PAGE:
From there we move on to a great career spanning interview with lead actress Caroline Munro (72:56), who is always seemingly more than pleased to talk about her genre film career. A gracious interviewee, the still lovely Ms. Munro talks about working with Luigi Cozzi on this film and gives us the basics as to her involvement but also talks quite lovingly about the late Joe Spinell and the three movies that they made together, showing a true appreciation for his talents as an actor and his personality as a man.

    Up next is Making Of The Special Effects By Armondo Valcauda (23:58), which is interesting not only for Valcauda’s input on the making of the film but also because it contains some never before seen effects footage created for the film. This is basically done as a slideshow with Valcauda’s commentary appearing in yellow text over the images, but fans will appreciate this glimpse behind the scenes of the movie – there’s even a great shot of Mario and Lamberto Bava visiting the set of the movie. The unused effects footage, live action, is quite interesting as it features some great bits with two different stop motion monsters going after the lovely bikini clad Ms. Munro.

    The last featurette is an exclusive Behind The Scenes Footage With Commentary (19:47) from Romano who puts all of this into context and explains who we’re watching and what they’re doing. These were basically shot as home movies and probably not ever intended to really see the light of day but they’re interesting in that they do provide a glimpse into what it was like on set while the movie was being made. A lot of this footage is just dudes hanging out beside a movie camera but there are some neat shots of Munro checking out the locations and at one point getting sucked into quicksand. There’s also some really interesting footage of the sets as they appeared in real life, as opposed to how they appeared in the big screen version.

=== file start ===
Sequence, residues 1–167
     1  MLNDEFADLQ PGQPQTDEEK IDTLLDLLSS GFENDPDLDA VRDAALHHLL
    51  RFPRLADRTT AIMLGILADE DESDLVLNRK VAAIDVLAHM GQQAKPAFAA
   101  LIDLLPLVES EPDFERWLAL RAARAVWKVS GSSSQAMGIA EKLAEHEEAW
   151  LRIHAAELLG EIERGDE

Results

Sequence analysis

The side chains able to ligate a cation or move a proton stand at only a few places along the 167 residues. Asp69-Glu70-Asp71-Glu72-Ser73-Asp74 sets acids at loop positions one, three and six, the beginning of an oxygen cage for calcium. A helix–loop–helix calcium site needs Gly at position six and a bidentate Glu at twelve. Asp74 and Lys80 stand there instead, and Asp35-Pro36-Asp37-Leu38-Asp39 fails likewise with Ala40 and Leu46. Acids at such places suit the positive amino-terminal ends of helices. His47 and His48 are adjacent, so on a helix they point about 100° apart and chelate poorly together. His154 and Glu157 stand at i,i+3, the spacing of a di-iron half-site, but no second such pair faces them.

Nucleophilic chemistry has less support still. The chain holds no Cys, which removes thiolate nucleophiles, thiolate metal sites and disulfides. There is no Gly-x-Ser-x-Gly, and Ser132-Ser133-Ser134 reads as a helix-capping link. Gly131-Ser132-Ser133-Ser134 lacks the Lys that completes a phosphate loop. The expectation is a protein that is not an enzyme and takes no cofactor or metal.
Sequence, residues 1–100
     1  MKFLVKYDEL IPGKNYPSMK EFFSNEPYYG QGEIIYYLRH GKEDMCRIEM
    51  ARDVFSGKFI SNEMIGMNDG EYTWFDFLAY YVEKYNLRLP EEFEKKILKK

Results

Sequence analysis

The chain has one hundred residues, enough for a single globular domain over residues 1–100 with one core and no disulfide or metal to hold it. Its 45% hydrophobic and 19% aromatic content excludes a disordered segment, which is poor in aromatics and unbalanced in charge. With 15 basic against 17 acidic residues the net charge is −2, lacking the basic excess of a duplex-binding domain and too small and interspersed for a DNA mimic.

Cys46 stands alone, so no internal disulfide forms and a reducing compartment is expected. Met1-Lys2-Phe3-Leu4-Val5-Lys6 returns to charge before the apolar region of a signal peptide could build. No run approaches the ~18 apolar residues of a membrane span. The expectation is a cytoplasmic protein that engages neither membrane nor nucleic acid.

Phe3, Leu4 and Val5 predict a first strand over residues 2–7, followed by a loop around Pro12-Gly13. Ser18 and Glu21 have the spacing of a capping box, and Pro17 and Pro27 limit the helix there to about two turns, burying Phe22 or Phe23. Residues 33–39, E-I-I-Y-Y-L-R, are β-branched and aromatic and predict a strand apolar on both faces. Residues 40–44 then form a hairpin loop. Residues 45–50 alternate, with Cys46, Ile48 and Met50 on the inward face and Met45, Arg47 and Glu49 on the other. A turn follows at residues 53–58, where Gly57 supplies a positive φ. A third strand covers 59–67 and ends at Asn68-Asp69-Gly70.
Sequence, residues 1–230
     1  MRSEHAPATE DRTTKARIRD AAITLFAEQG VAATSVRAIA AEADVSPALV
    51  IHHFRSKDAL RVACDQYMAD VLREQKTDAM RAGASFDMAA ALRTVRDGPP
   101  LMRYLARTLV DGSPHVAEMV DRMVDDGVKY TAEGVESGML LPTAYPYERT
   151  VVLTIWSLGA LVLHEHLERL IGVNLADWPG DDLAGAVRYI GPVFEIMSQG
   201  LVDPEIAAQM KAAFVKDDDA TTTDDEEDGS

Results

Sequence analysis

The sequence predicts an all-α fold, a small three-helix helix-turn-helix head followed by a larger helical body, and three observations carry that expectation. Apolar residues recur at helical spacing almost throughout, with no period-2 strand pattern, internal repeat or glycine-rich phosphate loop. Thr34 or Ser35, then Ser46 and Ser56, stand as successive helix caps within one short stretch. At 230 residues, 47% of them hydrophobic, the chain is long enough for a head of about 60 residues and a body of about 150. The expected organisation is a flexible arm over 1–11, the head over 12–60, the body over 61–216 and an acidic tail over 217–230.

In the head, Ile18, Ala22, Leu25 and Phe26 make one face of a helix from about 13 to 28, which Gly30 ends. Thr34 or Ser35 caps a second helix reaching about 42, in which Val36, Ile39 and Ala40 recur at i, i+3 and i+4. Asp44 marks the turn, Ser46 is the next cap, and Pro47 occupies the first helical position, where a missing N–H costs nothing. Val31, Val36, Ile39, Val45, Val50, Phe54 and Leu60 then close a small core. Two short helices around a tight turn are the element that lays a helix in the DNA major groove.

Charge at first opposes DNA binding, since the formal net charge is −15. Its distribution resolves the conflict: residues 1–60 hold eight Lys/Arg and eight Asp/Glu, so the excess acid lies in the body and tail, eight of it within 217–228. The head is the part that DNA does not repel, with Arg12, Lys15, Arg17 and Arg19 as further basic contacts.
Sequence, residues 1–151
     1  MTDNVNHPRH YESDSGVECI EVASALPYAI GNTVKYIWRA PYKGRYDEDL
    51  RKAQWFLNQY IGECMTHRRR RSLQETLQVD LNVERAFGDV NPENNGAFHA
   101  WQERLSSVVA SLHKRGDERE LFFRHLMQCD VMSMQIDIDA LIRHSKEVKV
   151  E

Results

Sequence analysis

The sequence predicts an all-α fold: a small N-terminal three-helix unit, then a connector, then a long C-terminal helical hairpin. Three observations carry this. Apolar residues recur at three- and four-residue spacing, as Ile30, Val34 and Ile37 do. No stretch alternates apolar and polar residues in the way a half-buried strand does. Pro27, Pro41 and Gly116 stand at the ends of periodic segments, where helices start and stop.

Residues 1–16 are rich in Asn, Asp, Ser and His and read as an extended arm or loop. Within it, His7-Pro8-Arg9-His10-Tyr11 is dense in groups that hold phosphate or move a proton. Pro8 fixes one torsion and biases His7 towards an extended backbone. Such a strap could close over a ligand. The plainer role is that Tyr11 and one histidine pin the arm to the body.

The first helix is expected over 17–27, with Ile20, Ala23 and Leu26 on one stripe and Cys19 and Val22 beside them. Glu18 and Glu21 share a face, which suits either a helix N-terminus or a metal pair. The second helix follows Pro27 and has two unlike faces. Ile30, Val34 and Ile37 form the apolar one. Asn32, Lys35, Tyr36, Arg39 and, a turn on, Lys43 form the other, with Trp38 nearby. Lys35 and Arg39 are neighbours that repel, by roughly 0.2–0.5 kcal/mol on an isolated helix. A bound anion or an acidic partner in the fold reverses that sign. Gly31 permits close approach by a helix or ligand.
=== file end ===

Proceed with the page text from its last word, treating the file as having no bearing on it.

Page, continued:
The second disc also includes a PDF version of the original shooting script that can be accessed via DVD-Rom equipped computers. Both discs in the set feature animated menus and chapter stops. Inside the keepcast is a full color illustrated booklet containing an essay from Stephan Romano that is an enthusiastic appreciation for the film. The DVD also comes with reversible cover art.

    The Final Word:

    Star Crash fans have been waiting a long, long time for this film to come to North America, but Shout! Factory’s efforts have made that wait completely worthwhile particularly when you check the film out on Blu-ray. Undoubtedly the definitive word on the picture, this two disc set presents the film in excellent shape and with an amazing array of supplements that are both entertaining and interesting, making this one of the crown jewels in their line of Roger Corman’s Cult Classics releases and this Blu-ray release offers fans a considerably improved package compared to the already strong standard definition release.